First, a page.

Couples with men who live in an area with Zika virus but have not developed symptoms might consider using condoms in a proper manner from start to finish every time they have sex; or abstaining from sexual activity while there is active Zika virus transmission in the area
Increasing Access to Contraception in Areas with Active Zika Virus Transmission
“Because of the potential for Zika virus to affect pregnant women and their fetuses, strategies to prevent unintended pregnancy are a critical part of current efforts to prevent Zika-related health effects”, according to the press release. “Approximately two-thirds of pregnancies in Puerto Rico are unintended, indicating a potentially unmet need for access to birth control. In this report, researchers estimated that about 138,000 women in Puerto Rico may be at risk of unintended pregnancy and are not using one of the most effective or moderately effective forms of birth control.”
Officials at the Centers for Disease Control and Prevention have identified considerations and challenges in reducing unintended pregnancies in areas with active transmission of the Zika virus based on the statistics for Puerto Rico; and they recommend that women and their partners who do not want to become pregnant now should be advised about the range of effective birth control methods which are available — as well as counseled pertaining to the importance of the correct and consistent use of those methods if they indeed do not want to become pregnant.
Prevention of the Spread of the Zika Virus
In addition to the aforementioned information, the most effective form of prevention is to proactively protect yourself against mosquito bites — in order to both prevent contracting the Zika virus disease and to prevent its spread if you are already infected — with the following steps:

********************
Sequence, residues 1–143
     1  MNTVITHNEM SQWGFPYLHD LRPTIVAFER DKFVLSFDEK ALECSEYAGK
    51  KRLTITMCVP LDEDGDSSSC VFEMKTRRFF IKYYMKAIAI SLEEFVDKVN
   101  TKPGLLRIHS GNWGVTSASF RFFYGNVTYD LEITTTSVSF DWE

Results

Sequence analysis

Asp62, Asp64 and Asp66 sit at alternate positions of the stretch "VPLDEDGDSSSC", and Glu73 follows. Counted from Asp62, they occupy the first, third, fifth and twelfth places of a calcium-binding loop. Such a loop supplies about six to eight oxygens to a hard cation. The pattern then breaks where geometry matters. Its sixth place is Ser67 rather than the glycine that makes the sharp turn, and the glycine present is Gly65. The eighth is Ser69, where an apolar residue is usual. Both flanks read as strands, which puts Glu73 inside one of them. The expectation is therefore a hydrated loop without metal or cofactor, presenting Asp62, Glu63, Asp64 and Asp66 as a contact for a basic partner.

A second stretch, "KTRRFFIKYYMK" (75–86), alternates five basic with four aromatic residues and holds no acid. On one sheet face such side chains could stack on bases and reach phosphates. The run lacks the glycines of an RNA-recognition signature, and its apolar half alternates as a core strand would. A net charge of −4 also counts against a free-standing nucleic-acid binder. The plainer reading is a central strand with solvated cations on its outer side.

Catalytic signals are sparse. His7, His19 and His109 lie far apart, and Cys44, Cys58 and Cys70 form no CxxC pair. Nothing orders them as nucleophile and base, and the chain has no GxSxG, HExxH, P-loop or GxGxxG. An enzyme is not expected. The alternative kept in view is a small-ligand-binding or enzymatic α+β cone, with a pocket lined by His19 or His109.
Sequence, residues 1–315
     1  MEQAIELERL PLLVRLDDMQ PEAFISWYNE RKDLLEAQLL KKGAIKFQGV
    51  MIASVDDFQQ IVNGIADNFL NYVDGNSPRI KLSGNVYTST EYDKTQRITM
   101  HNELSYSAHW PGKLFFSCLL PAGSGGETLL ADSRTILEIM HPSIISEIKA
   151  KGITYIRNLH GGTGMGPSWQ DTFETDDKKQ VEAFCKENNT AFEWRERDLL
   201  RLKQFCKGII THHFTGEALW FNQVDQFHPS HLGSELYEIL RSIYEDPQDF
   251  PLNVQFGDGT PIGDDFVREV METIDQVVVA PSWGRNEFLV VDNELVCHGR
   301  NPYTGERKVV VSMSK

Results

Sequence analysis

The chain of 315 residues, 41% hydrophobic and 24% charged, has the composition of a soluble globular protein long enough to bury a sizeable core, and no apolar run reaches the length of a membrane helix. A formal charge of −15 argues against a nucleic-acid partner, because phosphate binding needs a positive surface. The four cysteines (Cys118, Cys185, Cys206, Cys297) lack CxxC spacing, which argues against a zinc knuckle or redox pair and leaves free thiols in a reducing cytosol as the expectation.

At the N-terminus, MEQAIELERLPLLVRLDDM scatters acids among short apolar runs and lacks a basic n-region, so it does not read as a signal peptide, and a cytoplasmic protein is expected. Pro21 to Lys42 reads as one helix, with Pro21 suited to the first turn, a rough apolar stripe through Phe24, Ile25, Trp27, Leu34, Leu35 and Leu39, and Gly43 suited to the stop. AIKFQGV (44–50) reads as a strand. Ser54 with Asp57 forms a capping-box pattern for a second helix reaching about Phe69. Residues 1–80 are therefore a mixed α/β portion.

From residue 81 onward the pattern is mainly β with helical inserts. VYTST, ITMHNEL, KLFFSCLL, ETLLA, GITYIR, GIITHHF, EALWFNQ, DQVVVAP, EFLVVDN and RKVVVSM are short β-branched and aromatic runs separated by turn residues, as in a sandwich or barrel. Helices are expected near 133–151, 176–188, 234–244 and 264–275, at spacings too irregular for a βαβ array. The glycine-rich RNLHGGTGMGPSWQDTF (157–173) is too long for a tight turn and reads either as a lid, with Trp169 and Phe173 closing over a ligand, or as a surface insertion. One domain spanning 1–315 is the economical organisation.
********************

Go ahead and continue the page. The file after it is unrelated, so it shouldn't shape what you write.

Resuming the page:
Use insect repellent
Wear clothes — preferably with light colors — which cover as much of your body as possible
Use physical barriers such as screens, closed doors and windows
Sleep under mosquito nets
Empty, clean or cover containers which can hold water — such as buckets, flower pots or tires — so that places where mosquitoes can breed are removed
Young children, sick people and elderly people are three examples of those who may not be able to protect themselves adequately and could use assistance and special attention
Countries and Territories with Active Zika Virus Transmission
The virus can be expected to spread further, as the mosquitoes which carry it can be found across the following 39 countries and territories with active Zika virus transmission:
Saint Vincent and the Grenadines
Trinidad and Tobago
United States Virgin Islands
The Centers for Disease Control and Prevention will continue to update its guidance related to transmission of the Zika virus and related health effects based on the accumulating evidence, expert opinion, and knowledge about the risk associated with other viral infections.
The chances of a healthy individual person being adversely affected by the Zika virus seems to be minimal at best; but awareness and proactive prevention are still necessary to mitigate the spread of this virus to other people, as people are the main vehicles for spreading the virus — similarly to malaria, as transmission is via mosquito.